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The Difference Between Saving and Investing - Why Investing Matters

Saving and investing are both important, but they aren’t the same thing.

April 30, 2020

Saving and investing are both important, but they aren’t the same thing.

The main differences between saving and investing is where you put the money and the risk vs return you accept.  Saving typically, is putting money in a bank account or term deposit which pays a set % interest rate.

Investing is, buying assets like shares, property or fixed interest securities for the purpose of earning a higher rate of return than putting money in a bank account.

The return on most investments is typically unknown and can fluctuate from year-to-year.  Over longer periods of time, there is more certainty and the average 20 year return on Australian shares until 31 December 2017 was 8.8% p.a and direct property was 10.2% p.a1.

When you put your money in a savings account, you’ll get paid (at the moment - a small amount of) interest – currently somewhere between 0.10% and 2.10% p.a.   While there is no risk of loosing money from your savings account balance, you do risk losing the purchasing power of your money, due to inflation.  How?

If your return on savings is lower than the inflation rate, you’re losing purchasing power (read money !) over time. The Inflation rate (measured by a thing called CPI) was 1.61% in 20192.  So, if you were getting 2.1% return on your savings, once you reduce the inflation rate of 1.61%, you were effectively only 0.49% better off.  Yep!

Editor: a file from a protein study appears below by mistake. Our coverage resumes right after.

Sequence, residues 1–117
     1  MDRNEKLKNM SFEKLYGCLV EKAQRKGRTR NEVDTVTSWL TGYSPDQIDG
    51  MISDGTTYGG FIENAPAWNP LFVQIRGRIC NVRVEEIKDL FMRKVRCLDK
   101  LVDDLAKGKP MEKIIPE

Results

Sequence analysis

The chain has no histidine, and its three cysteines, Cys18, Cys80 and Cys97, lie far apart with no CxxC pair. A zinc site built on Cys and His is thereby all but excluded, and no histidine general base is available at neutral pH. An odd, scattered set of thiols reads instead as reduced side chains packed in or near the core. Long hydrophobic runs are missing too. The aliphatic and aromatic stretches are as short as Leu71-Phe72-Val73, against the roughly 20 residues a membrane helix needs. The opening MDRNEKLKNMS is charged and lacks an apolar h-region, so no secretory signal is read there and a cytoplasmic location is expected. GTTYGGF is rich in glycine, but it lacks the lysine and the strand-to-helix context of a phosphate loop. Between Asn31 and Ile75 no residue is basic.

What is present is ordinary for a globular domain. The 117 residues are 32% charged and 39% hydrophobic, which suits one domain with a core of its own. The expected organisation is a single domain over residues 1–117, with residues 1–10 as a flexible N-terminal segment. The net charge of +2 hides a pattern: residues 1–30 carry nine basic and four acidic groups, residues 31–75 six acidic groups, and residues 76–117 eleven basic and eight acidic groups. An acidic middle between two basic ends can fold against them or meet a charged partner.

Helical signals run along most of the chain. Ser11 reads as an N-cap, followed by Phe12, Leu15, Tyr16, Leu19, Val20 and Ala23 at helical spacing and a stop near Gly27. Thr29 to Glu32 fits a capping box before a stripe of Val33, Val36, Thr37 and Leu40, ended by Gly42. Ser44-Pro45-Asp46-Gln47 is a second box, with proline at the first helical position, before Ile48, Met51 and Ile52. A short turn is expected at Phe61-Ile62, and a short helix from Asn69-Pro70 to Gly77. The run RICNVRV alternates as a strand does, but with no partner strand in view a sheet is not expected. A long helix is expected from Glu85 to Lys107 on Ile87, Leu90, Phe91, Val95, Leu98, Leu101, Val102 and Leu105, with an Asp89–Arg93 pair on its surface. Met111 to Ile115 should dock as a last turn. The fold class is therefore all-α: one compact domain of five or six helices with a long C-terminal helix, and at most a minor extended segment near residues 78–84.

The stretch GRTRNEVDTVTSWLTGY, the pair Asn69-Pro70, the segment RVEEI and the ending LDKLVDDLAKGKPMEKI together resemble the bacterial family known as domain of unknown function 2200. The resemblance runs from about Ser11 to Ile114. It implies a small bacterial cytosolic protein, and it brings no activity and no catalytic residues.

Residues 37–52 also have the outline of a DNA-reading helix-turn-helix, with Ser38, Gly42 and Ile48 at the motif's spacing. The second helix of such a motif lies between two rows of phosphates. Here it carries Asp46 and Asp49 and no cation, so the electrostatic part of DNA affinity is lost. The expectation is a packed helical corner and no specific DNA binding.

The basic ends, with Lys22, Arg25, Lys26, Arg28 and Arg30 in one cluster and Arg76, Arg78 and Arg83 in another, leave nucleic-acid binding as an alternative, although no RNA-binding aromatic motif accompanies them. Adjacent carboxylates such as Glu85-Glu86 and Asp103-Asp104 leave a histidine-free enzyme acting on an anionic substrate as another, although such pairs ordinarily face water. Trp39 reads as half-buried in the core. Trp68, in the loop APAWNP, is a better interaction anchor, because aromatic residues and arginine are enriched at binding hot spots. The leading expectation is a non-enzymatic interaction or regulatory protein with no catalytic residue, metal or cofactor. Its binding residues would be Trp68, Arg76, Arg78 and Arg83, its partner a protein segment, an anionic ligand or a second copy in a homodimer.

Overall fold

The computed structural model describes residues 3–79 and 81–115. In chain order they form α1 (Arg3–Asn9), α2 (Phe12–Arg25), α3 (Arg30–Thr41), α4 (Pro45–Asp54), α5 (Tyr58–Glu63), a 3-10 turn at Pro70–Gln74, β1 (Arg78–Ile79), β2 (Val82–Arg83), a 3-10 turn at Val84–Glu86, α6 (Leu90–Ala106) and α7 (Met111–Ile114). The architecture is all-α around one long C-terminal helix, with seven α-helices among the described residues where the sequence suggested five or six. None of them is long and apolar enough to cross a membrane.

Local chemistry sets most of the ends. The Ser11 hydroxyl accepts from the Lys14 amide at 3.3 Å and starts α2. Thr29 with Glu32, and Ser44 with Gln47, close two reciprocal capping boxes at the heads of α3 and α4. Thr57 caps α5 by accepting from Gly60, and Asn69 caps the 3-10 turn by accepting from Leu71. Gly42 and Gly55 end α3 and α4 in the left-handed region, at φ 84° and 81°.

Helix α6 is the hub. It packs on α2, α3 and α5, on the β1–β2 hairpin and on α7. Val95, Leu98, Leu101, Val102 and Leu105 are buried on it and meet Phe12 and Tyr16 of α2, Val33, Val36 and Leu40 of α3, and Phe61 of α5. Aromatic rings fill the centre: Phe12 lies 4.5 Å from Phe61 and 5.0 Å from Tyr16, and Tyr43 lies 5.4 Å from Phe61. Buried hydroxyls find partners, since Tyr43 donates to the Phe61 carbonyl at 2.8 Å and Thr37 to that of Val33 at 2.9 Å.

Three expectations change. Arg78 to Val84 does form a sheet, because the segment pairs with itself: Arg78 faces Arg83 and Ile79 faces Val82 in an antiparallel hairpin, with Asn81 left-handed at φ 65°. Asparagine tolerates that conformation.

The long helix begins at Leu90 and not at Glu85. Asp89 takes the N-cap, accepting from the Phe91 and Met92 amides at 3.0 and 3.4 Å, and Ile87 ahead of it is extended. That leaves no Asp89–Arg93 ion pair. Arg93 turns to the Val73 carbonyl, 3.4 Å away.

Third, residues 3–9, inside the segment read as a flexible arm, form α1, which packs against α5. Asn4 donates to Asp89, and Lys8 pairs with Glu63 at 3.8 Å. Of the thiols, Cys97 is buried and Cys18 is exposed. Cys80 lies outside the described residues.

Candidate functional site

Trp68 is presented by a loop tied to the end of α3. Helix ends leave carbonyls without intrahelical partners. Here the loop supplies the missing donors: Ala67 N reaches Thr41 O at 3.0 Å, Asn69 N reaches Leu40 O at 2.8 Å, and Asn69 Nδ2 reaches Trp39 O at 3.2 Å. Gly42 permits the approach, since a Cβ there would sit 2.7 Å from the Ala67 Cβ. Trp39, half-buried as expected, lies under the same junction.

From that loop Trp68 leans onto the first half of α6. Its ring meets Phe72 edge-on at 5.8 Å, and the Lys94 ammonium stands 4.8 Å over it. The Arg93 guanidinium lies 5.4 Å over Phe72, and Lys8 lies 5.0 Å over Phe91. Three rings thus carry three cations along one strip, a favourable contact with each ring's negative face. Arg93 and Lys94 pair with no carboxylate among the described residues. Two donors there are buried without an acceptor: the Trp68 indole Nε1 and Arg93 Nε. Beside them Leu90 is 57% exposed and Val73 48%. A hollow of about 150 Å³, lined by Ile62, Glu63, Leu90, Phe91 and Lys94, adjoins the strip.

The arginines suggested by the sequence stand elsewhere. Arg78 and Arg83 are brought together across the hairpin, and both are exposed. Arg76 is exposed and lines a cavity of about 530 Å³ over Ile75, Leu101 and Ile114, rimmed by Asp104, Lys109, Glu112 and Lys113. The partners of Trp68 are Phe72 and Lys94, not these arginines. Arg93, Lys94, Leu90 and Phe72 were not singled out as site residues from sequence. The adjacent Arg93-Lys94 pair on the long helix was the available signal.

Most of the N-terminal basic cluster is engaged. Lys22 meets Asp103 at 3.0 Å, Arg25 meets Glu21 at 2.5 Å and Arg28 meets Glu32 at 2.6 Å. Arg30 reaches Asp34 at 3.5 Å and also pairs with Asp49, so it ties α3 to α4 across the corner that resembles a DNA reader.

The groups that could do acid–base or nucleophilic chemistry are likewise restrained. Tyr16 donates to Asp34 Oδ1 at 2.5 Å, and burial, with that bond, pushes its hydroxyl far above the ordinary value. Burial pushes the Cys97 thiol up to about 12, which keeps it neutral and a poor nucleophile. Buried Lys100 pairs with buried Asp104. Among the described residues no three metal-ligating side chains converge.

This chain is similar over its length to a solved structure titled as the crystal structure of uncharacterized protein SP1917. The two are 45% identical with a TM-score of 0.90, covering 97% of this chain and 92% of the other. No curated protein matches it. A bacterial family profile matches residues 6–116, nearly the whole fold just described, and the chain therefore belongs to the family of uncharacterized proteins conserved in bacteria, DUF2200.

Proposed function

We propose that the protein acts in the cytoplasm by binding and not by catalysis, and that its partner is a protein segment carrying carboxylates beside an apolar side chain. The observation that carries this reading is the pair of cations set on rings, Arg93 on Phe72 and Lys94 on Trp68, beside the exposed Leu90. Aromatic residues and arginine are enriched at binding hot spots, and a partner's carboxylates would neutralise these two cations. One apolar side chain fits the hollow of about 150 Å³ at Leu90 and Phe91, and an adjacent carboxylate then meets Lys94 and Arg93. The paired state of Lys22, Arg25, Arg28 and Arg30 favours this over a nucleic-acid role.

The flipside is investing, however returns aren’t guaranteed, and there’s a good chance you could lose money at least in the short term (let’s say 1-3 years) as the value of your investments fluctuates up and down.  However, making a long-term commitment to investing (say, 7+ years), based on past returns, you should be substantially better off, even after inflation.

If you’re thinking investing is downright daunting or complex (like, what’s an imputation credit again?) don’t worry, we’ve got you covered via our online education – Women’s Wealth Accelerator program.

We can all benefit from both saving and investing.   Saving provides us a safety net with access to cash for emergencies and unexpected events as well as a passive income source, while investing provides real growth in your net worth as well as an additional income.

Sources

1. 2018 Russell Investments/ASX Long Term Investing Report

2. www.rba.gov.au (Reserve Bank of Australia)

Warmest,

Karen Eley is a financial coach with more than 20 years’ experience as a financial adviser. Through her business, Women Talking Finance, she helps women to be confident and knowledgeable about all things finance. Karen translates complex financial concepts into simple digestible ideas.

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